I don’t understand the logic of “it’s rude to ask people for money, even if it’s the form of [honeymoon activity here]”. Isn’t asking for overpriced kitchen gadgets from Crate and Barrel on your registry still asking for money?

Yes, those websites do take part of the $, but it also costs money to employ developers and other employees, pay for servers, etc.

For what it’s worth, it’s perfectly normal in other countries to just give cash. 

Post # 8
Member
7892 posts
Bumble Beekeeper

We had a small wedding and no registry because of similar reasons. We got a mix of no gifts, monetary gifts, and tangible gifts. Most of the tangible gifts were pretty thoughtful, so it wasn’t a big deal. 

We did consider recommending a charity donation, but I didn’t like the subtle political statement associated with charity organizations. 

Post # 9
Member
339 posts
Helper bee

We did honeyfund as our registry and it worked well. People knew we didn’t need much and pledged amounts that they later made cheques for and dropped off at the money at the wedding along with cards. On our website we just put a link to our honeyfund and that’s it.  It’s no ruder than asking for a mixer or pots and pans

Post # 10
Member
1470 posts
Bumble bee

I don’t like honeymoon registries at all. 

*If you’re so financially stable as you said, why can’t you two pay for your own trip?

*Gifts for a wedding are supposed to get you started in your marriage, not for a plane ticket to get out of town.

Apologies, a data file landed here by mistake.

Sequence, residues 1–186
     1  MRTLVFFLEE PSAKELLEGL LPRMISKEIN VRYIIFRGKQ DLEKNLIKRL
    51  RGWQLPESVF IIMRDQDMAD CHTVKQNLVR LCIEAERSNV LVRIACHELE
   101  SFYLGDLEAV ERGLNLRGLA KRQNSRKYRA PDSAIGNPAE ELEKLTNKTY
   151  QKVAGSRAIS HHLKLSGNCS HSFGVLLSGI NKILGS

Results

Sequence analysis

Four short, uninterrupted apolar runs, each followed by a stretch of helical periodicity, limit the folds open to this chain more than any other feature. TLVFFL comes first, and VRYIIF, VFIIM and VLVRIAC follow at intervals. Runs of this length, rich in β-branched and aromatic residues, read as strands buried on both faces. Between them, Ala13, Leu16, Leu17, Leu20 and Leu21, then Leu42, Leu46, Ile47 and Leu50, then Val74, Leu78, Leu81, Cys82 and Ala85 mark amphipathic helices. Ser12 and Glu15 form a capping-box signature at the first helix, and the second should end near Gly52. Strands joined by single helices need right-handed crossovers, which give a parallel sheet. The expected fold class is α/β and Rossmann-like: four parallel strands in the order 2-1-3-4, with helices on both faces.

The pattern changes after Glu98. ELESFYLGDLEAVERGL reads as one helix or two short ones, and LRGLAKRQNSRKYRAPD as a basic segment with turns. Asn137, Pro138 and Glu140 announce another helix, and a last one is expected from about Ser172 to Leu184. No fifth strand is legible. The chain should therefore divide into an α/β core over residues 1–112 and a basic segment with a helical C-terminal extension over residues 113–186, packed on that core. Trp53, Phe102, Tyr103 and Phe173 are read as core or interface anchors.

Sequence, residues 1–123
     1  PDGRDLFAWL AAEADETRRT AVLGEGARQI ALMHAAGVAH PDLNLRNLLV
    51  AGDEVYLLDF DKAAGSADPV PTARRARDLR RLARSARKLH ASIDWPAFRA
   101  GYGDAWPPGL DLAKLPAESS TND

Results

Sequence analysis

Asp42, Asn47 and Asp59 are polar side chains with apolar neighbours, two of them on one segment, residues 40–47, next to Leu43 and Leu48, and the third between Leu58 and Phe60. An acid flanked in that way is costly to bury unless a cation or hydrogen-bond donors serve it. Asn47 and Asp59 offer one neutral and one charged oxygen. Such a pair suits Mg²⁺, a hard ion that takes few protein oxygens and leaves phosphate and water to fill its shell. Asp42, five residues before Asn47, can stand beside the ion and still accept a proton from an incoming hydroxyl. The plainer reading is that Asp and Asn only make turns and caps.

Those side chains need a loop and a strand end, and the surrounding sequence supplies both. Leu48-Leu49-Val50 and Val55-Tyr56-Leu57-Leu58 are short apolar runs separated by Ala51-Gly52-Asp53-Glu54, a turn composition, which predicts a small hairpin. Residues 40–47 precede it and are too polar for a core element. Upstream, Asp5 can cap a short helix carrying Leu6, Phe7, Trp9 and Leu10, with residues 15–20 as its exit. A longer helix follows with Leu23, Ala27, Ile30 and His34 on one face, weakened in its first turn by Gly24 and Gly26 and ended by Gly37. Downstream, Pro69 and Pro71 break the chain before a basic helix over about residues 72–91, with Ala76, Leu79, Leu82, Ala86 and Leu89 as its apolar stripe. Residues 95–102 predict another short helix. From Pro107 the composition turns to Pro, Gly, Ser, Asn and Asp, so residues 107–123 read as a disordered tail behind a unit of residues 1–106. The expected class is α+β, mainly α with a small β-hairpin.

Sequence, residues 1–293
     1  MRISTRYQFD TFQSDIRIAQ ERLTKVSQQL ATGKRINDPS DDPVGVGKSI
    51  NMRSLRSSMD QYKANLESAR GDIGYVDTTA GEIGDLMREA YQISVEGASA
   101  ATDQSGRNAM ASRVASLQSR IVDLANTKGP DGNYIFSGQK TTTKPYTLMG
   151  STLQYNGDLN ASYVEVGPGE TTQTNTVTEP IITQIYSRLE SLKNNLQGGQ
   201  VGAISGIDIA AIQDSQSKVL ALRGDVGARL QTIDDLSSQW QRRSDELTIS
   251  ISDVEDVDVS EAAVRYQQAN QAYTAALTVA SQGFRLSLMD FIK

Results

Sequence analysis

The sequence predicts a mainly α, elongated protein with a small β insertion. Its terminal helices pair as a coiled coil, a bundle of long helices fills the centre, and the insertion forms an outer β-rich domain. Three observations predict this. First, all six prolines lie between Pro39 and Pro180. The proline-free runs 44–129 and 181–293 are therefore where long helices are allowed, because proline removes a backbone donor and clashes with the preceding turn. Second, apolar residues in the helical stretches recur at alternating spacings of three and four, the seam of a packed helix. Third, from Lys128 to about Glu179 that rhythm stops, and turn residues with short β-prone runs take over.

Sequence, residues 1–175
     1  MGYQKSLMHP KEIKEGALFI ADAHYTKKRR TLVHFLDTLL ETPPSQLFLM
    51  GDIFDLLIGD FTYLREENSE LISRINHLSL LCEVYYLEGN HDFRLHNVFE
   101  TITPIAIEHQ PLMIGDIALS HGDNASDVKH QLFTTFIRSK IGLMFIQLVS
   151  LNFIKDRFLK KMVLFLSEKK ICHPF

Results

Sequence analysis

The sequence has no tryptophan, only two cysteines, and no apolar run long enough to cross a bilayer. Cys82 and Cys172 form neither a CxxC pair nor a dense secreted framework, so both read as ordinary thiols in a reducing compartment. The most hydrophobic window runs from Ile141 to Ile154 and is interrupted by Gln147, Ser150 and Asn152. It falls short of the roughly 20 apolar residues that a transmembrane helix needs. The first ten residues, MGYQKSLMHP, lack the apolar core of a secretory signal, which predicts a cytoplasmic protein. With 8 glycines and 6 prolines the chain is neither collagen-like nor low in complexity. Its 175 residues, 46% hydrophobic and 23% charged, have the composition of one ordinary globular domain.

*If you’re honeymooning right after the wedding, guests know you have to pre-purchase.. so essentially you’re asking them to pay you back.

*Why not upgrade everything you have?  My fiance and I also live together but we got a way better knife set (and I looove cooking with them now), a beautiful spice rack, luxurious bed linens and towels, etc.  If you can’t upgrade, then no registry and people will give you cash.  Which you can then use toward your honeymoon…

Post # 11
Member
67 posts
Worker bee
  • Wedding: December 2015

I know this is a controversial topic on here, but many of the people in my area have done a honeymoon registry and we’re doing one as well. So far, the guests seem to love it and I’ve got nothing but nice words about it. There were some older people who gave us physical gifts at my first shower (out of state, given by my Future Mother-In-Law so I can meet some more of the family), but we definitely still expected some regular gifts. It seems like the younger crowd really takes a liking to the honeymoon registries whereas the older people are either indifferent or flat out don’t like it, but from my area those people are few and far between. I guess it just depends on your area and maybe the age of your guests.